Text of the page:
After announcing in late February that he’d be taking on his dream job as CEO of the Liverpool Football Club, long-time video game executive Peter Moore has issued his final goodbye to an industry he left an indelible mark on. Although it had been thought that Moore would continue in his role as chief competition officer at Electronic Arts until June, he announced that today (April 14, 2017) was indeed his last day for the publisher. He also shared a video compilation of some of his fondest memories in the business (which you can view at the bottom of this post).
“From the advent of online gaming (albeit via a 56K modem), to the ‘console wars’, and now to games as 365 days a year, live experiences, I have been fortunate to have borne witness to the amazing growth of this, our wonderful gaming industry. During my days at Sega, Microsoft and EA, I have worked with some of the smartest, creative, and innovative minds on this planet. Hundreds, if not thousands of whom I am honored to call ‘friend’,” Moore wrote.
“I shall miss everything about this industry each day henceforth. If you work in the industry, I am in awe of what you do in bringing games to life in ways we could have only dreamed of a few short years ago. If you are a gamer, take a deep breath and a moment of reflection occasionally and admire the incredible creativity of the medium you love. And if a game disappoints, provide constructive feedback, not the vitriol that is unfortunately so prevalent nowadays.”
Looking back at moments like his infamous Halo 2 and GTA IV tattoos, portraying a zombie in a House of the Dead film adaptation or being parodied in a South Park episode, Moore is one of a few executives who’ve become true characters and earned celebrity status in this vibrant industry. Even so, Moore believes he was just the one to make presentations on behalf of everyone he worked with.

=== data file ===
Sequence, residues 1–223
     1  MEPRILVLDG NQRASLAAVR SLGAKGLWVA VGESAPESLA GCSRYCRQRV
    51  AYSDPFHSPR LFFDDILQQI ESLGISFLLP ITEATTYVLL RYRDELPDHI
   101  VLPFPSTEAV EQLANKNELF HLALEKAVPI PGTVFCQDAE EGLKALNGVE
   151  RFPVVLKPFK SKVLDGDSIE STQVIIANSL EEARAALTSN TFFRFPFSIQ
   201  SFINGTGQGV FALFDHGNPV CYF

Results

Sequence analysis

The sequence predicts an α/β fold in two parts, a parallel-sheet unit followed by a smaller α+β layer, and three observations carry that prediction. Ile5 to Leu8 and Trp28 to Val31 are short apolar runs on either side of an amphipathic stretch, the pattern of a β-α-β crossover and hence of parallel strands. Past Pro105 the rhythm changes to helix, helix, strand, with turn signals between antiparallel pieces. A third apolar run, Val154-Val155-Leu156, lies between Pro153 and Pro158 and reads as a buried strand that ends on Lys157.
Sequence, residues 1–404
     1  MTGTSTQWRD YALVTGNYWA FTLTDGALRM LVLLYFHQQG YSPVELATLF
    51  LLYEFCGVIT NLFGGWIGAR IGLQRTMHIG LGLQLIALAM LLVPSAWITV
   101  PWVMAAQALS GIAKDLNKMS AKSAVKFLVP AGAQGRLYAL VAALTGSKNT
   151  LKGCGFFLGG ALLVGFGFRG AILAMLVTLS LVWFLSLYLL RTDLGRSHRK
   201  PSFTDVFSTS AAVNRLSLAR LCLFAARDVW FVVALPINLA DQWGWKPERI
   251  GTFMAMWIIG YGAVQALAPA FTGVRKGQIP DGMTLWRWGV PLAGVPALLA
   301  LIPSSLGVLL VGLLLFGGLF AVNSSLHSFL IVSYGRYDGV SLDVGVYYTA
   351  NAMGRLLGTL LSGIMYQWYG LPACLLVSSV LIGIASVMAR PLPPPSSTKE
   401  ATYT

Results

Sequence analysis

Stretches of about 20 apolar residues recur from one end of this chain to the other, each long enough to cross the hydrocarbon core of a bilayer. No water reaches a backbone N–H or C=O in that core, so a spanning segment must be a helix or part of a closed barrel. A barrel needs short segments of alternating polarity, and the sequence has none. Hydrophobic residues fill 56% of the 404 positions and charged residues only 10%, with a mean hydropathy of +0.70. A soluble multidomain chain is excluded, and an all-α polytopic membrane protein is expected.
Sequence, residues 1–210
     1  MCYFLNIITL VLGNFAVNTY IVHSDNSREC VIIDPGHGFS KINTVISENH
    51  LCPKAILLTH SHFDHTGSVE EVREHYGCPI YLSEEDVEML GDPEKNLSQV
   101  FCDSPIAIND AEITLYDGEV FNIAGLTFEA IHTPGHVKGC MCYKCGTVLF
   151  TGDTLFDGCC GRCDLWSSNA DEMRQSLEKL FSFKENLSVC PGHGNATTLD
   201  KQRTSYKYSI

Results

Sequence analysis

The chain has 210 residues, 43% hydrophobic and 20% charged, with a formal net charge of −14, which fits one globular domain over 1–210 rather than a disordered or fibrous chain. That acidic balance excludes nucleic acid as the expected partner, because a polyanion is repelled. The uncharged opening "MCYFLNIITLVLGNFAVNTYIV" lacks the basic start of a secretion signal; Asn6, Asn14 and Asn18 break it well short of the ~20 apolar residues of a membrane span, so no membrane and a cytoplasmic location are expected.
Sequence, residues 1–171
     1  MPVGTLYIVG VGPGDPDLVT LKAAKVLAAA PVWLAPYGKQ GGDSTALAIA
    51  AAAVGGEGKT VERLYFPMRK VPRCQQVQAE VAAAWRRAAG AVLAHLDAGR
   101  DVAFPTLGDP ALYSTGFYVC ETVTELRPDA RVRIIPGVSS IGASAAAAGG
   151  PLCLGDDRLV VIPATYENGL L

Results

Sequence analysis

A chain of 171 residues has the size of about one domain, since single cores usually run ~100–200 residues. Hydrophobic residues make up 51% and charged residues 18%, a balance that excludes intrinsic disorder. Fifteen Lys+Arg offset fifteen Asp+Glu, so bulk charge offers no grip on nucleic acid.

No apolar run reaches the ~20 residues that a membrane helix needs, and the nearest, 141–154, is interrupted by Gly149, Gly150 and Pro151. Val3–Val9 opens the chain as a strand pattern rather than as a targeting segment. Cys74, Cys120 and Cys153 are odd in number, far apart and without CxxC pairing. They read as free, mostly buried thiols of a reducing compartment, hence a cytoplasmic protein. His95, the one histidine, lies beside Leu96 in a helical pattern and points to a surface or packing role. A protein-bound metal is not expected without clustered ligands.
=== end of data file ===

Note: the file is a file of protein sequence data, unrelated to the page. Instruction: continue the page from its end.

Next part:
“I am crystal clear in understanding that I was merely the front man for your brilliant achievements, the ‘suit’ that sometimes did goofy, cheesy stunts and speeches to draw attention to your phenomenally creative talent,” he continued.
“I move on now, not to a job, but more of a calling. With one more crank of the self-reinvention wheel, I am taking on a new and unique challenge, one that’s roots are embedded in my heart. To everyone that I have had the privilege of working for, with, or at times, against, I love and cherish our time together. To my family, that has supported me as I traveled and worked longer hours than maybe I should at times, I love you and thank you for your patience and tolerance.”
Moore may have just been the “suit,” but he was one of the most charming and friendliest executives you could ever meet in the games biz. Some journalists remember him fondly for being a “quote machine,” but that’s only because he spoke from the heart in the numerous interviews he did. While he always made sure to get the company’s talking points across, he did so in a way that usually involved a nice dose of his own wit and unique industry perspective. GamesIndustry.biz will miss Moore, the industry icon, yes, but we will also miss Moore, the person — a man who fittingly will now guide the soccer club from his own hometown. Best of luck, Peter!